Saturday, June 13, 2009

Sleep pattern predicts stroke risk

Scientists have suggested that habitual sleep patterns can predict the risk of suffering ischemic stroke in postmenopausal women.

According to a study published in the Stroke, getting nine hours or more of sleep every night is associated with a 60 percent increased ischemic stroke risk.

Findings also revealed that women suffering from sleep deprivation (less than six hours of sleep), are at a 14 percent higher risk of suffering stroke.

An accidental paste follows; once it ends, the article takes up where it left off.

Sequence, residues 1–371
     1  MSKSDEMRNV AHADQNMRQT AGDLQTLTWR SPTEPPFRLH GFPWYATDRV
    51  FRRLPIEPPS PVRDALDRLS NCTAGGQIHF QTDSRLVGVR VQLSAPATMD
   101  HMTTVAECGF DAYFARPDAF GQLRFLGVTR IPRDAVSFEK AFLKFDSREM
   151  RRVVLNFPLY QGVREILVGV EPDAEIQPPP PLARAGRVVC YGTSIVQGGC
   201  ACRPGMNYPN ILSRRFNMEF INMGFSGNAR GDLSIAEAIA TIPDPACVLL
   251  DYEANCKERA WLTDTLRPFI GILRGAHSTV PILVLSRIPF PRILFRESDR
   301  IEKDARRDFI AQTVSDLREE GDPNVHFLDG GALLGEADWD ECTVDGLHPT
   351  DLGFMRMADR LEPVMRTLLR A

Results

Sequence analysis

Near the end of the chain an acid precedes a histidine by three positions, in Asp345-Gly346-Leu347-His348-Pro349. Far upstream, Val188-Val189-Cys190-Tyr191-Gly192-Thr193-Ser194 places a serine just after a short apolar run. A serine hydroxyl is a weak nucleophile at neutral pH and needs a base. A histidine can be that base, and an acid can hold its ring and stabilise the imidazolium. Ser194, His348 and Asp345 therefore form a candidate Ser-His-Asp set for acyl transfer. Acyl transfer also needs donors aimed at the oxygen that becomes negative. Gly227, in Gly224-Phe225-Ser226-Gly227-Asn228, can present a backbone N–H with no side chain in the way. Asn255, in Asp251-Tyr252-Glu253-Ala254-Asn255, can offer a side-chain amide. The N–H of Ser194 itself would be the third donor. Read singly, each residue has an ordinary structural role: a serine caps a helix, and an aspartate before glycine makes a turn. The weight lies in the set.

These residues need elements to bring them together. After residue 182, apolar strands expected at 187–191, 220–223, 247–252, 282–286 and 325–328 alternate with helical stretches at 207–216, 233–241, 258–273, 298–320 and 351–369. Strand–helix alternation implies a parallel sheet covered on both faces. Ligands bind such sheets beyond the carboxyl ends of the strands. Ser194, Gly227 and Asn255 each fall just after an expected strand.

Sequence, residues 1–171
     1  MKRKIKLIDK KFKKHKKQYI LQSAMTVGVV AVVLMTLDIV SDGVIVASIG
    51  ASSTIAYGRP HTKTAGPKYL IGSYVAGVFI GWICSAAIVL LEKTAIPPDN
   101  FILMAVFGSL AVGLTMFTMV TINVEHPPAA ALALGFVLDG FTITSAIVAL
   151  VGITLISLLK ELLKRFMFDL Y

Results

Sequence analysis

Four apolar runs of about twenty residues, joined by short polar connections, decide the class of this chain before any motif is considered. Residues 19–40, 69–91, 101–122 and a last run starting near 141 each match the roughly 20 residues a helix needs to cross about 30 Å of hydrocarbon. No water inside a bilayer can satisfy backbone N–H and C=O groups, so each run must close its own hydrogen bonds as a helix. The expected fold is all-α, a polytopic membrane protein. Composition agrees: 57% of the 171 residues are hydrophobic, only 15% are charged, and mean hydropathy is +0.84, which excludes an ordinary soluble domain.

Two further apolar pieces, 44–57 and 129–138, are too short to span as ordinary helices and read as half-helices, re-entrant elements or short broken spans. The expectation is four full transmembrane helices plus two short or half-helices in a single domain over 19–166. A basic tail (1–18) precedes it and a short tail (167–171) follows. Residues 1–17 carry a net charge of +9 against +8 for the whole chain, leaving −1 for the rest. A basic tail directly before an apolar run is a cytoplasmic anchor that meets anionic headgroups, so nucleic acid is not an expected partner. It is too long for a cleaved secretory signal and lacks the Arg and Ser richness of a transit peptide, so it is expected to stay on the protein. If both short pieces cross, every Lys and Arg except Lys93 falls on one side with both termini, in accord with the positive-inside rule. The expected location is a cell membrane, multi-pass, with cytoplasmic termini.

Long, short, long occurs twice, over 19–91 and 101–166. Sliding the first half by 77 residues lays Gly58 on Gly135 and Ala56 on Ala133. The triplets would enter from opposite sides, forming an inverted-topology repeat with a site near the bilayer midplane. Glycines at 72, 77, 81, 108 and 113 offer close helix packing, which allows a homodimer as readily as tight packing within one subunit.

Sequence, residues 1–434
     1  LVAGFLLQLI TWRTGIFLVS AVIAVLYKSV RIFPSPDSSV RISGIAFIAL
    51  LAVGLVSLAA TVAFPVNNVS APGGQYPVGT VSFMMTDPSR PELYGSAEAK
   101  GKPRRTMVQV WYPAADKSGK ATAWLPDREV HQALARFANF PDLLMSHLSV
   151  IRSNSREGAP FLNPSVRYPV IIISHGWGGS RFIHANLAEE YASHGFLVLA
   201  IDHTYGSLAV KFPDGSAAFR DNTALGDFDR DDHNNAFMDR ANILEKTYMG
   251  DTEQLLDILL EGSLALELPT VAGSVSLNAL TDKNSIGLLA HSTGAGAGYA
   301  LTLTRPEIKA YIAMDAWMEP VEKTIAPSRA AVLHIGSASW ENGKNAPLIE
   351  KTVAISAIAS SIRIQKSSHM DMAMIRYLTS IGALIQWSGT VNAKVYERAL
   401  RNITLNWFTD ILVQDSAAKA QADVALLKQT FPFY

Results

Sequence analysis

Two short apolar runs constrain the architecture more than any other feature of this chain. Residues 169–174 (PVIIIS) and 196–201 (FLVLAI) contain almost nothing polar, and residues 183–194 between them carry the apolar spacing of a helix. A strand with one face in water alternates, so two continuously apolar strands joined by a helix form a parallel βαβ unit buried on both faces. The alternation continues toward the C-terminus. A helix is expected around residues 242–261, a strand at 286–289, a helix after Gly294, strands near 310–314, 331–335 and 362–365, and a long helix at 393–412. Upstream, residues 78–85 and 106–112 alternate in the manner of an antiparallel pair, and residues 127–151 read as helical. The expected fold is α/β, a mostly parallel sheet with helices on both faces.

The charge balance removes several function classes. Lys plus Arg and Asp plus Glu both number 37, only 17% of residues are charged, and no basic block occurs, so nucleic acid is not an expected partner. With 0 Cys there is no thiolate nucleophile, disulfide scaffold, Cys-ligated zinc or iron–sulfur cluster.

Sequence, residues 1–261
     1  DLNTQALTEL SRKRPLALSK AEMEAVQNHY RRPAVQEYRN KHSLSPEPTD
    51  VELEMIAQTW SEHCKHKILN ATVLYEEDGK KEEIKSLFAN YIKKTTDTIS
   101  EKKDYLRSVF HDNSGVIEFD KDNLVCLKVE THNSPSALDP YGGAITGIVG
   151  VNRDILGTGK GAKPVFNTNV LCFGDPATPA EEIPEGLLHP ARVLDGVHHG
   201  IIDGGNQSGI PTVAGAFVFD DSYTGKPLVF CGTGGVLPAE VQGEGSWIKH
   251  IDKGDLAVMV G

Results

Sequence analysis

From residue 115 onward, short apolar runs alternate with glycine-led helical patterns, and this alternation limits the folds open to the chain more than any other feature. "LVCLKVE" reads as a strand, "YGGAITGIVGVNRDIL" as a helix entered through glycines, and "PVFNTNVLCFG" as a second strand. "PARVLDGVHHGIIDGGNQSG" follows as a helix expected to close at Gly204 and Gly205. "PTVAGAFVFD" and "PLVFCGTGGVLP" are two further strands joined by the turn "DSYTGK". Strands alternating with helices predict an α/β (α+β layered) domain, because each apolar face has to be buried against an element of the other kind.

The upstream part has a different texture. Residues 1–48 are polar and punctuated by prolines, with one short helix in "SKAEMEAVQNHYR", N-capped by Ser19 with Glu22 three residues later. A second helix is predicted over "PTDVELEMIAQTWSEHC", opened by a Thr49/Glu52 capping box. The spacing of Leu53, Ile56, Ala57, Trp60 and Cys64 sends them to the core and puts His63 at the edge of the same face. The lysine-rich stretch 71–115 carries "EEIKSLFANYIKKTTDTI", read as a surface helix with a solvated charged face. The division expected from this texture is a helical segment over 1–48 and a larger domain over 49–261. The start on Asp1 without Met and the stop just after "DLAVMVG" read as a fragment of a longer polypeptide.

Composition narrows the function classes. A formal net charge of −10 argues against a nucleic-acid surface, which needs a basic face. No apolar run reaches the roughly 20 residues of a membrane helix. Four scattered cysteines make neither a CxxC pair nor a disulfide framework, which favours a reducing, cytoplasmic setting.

Albert Einstein College of Medicine researchers believe sleep apnea or restless sleep can be the underlying cause of the increased risk; however, the main reason is still unclear.

The study also showed that being retired or unemployed, smoking, being physically inactive or having cardiovascular disease, diabetes, hypertension, high cholesterol or depression are other factors associated with long hours of sleep.

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